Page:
Don’t Be Ashamed Of Having PTSD Or C-PTSD!

Years ago, I remember reading that a rather well known preacher talking about PTSD.  He made it sound like no true Christian can have this disorder or if you do, just “get rid of it” as if people have a choice to hold onto it or get rid of it.

While not many people will say those exact words, it does appear plenty of people share similar sentiments about PTSD & C-PTSD.  Many clearly think people with these disorders are weak for getting it in the first place, especially if they too have experienced a similar trauma but don’t have it.  What they fail to realize is that developing PTSD & C-PTSD isn’t a sign of weakness, contrary to what many people seem to think.  It is a sign of surviving something that easily could have destroyed you either mentally or physically or both. 

Other people think they are some made up disorders so people can wallow in the past or use them as an excuse to get out of doing things they don’t want to do, such as holding down a job.  They refuse to see that those of us with one of these disorders would love to be “normal” again.  We would love nothing more than not to think about the past traumas all of the time & be able to do normal things.

There are also those who believe having PTSD or C-PTSD means you lack faith in God.  If you simply trusted Him more or prayed more, you wouldn’t have this disorder, they say.  They have no clue nothing could be further from the truth!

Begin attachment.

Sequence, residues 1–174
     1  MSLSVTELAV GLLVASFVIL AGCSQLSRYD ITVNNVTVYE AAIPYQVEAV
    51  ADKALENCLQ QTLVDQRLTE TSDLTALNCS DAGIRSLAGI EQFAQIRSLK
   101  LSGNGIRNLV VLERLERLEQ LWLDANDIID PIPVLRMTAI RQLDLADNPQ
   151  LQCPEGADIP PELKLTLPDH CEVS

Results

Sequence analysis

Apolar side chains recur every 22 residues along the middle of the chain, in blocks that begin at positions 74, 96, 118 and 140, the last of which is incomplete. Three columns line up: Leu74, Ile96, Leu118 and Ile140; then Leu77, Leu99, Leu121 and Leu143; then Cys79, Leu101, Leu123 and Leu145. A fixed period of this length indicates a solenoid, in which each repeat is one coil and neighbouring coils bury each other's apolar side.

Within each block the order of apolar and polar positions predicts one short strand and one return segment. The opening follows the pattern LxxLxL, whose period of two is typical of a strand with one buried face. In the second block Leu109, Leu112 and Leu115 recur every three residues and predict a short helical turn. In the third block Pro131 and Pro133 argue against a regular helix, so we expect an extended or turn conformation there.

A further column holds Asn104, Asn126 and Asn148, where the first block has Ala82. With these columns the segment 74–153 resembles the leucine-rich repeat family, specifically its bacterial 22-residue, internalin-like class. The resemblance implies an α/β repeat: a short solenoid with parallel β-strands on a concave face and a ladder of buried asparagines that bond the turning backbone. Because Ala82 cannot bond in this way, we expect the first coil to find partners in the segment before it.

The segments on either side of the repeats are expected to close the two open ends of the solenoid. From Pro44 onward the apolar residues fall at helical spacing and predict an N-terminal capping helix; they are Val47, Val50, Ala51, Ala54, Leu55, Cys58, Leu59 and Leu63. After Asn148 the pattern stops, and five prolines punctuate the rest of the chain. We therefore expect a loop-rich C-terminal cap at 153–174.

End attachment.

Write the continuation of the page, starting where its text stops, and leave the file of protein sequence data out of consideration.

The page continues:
Something people fail to realize is that PTSD & C-PTSD can happen to anyone.  They know no boundaries.  They affect people of all ethnicities, genders, religions, intelligence, financial standings… anyone can develop PTSD or C-PTSD.

Just because you have PTSD or C-PTSD but someone you know who has experienced similar trauma to yours doesn’t have it doesn’t mean there is something very wrong with you for getting it.  Every person is truly unique, right down to our fingerprints & DNA.  What affects one person strongly may not affect someone else as strongly simply due to differences in personality & how people process information.

Some people are also naturally more in touch with their logical, or left brain, than their emotional, right brain.  Those people are often a bit disconnected from their emotions simply due to how their personality is.  There are also those who have chosen to deal with pain by disconnecting from it.  Much like our logical friends, these folks don’t feel connected to their emotions.  This means these people naturally won’t be as deeply affected by trauma as those who are more in tune with their emotions will be affected.

There is also the fact that every single person has a mental breaking point.  In other words, everyone has a point in which their mind simply cannot take any more.  This is the point where PTSD can & often does develop.  That point varies from person to person, but there is no avoiding it.  It is much like bones.  Bones too have a breaking point & that varies from person to person too.  Sometimes, people’s bones break easily & other times, they don’t.  There is nothing wrong, weak or even ungodly about the ones whose bones break easily.  This is simply how they are.